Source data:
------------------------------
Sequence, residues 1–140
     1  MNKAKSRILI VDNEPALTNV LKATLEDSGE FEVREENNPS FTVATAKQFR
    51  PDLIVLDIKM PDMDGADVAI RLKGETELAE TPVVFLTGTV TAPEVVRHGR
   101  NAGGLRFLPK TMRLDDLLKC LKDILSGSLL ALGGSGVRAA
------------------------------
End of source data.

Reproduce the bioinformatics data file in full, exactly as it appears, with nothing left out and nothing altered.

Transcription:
Sequence, residues 1–140
     1  MNKAKSRILI VDNEPALTNV LKATLEDSGE FEVREENNPS FTVATAKQFR
    51  PDLIVLDIKM PDMDGADVAI RLKGETELAE TPVVFLTGTV TAPEVVRHGR
   101  NAGGLRFLPK TMRLDDLLKC LKDILSGSLL ALGGSGVRAA